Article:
ilitants bombed a public transit bus in Tel Aviv on Wednesday, injuring 22 people and heightening tension between Israel and Hamas, as the two sides attempt to broker a ceasefire to end an eight-day conflict in Gaza. Hamas praised the Tel Aviv attack, which happened near the headquarters of the Israel Defense Forces, but did not take responsibility. U.N. Secretary General Ban Ki-moon condemned the attack, calling it "shocking," while the White House labeled it a "terrorist attack," with U.S. Secretary of State Hillary Clinton offering Israel "any assistance" it requires. Clinton was in Israel Tuesday and Wednesday attempting to broker a truce between the two sides, meeting with Israeli Prime Minister Benjamin Netanyahu, then with Palestinian Authority leader Mahmoud Abbas in the West Bank. Abbas' group has a fraught relationship with Hamas, which controls the Gaza Strip. Overnight and into Wednesday, Israeli bombs and artillery turned buildings, tunnels, and bridges in Gaza into rubble in 100 strikes confirmed by Israeli authorities. (Pictured: Israeli troops near the Gaza border.)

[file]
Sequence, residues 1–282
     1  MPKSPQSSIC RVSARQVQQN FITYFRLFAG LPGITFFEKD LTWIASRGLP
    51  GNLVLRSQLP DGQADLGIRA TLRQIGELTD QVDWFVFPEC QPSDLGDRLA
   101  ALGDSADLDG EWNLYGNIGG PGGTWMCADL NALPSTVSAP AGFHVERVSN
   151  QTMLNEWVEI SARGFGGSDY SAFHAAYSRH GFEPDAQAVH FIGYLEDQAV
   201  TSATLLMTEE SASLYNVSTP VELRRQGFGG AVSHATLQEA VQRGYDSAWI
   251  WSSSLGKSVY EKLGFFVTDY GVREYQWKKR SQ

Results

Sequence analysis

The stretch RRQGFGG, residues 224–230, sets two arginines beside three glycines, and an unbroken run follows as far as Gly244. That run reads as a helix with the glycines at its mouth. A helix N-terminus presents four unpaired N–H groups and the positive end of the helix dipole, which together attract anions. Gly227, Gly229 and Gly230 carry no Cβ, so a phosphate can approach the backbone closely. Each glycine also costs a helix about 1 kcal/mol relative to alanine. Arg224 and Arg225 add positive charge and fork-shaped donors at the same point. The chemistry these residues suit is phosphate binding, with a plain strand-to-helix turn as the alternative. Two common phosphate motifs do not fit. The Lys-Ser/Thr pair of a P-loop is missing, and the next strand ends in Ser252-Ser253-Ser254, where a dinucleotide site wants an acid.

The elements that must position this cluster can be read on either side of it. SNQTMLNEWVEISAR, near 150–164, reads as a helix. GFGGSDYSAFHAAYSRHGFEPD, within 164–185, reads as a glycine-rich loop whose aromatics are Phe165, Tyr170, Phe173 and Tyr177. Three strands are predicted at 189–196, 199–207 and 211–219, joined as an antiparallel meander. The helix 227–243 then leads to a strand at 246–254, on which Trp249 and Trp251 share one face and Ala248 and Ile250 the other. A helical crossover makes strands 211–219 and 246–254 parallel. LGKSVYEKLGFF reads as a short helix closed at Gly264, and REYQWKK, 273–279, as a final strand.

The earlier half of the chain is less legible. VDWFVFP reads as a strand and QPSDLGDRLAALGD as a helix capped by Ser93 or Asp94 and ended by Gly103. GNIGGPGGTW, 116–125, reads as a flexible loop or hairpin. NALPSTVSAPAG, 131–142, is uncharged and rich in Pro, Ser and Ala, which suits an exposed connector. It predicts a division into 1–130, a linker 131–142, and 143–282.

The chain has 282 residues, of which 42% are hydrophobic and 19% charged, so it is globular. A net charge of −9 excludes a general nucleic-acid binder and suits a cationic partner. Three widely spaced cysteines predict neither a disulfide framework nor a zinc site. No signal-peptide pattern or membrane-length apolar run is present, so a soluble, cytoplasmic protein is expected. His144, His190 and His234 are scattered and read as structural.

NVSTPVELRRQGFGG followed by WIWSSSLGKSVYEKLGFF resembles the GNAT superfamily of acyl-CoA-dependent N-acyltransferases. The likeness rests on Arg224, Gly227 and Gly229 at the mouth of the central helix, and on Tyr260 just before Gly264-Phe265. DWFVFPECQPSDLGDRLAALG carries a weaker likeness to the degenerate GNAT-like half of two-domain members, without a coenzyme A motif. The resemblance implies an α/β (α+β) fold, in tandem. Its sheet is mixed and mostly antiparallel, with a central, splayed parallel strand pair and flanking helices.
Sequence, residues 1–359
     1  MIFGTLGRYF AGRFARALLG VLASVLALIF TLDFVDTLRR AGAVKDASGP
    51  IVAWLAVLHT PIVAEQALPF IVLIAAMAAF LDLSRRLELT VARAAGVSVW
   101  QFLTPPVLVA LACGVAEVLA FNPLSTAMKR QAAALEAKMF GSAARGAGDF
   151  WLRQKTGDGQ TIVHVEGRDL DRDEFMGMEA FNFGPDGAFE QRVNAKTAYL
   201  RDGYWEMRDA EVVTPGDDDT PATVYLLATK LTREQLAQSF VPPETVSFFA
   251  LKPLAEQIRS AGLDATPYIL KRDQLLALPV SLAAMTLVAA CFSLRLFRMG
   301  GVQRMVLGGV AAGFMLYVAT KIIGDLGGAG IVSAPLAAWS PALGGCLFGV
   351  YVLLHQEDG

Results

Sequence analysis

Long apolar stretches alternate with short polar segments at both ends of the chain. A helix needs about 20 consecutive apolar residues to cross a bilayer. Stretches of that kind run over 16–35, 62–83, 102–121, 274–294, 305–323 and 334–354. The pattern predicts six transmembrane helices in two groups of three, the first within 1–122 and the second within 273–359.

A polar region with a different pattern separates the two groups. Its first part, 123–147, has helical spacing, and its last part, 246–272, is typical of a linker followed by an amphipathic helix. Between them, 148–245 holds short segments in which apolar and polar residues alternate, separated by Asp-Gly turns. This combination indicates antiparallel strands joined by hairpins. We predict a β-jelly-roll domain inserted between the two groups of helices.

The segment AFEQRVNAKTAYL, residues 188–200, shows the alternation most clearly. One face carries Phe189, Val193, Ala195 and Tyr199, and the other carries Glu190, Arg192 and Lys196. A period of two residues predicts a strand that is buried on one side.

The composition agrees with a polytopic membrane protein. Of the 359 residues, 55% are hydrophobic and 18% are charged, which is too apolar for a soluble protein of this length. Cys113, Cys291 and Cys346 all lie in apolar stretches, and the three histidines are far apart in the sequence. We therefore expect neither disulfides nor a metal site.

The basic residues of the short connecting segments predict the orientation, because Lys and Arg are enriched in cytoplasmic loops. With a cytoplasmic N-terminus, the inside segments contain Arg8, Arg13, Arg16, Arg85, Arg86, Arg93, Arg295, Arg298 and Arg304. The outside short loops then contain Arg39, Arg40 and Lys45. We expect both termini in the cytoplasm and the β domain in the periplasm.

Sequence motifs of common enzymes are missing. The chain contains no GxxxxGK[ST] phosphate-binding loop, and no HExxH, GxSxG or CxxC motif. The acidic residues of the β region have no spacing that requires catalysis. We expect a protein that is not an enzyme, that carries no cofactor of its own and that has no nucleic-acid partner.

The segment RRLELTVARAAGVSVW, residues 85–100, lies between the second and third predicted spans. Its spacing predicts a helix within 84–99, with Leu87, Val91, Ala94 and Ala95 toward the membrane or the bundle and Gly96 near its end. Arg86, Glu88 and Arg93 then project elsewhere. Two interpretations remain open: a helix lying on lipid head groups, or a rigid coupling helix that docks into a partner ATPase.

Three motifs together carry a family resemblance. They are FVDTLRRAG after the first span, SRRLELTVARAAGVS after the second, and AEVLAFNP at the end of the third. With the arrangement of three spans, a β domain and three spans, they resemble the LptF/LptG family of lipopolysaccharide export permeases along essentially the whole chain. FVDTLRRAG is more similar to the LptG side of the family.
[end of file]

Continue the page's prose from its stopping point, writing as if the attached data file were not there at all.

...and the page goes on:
- There is a better alternative to raising the minimum wage
- How the strange case of Obama's Uncle Omar complicates immigration reform
- 7 grammar rules you really should pay attention to
- 32 TV shows to watch in 2013 [Updated]
- This is how much extra it costs to eat healthy every day
- Is Biden helping or hurting U.S. interests in Asia?
- Rick Santorum wins the prize for the worst Nelson Mandela tribute
- What to expect when you're expecting (100 years ago)
- Watch The Daily Show use Pope Francis to hammer Fox Business pundits
- Which professions have the most psychopaths?
Subscribe to the Week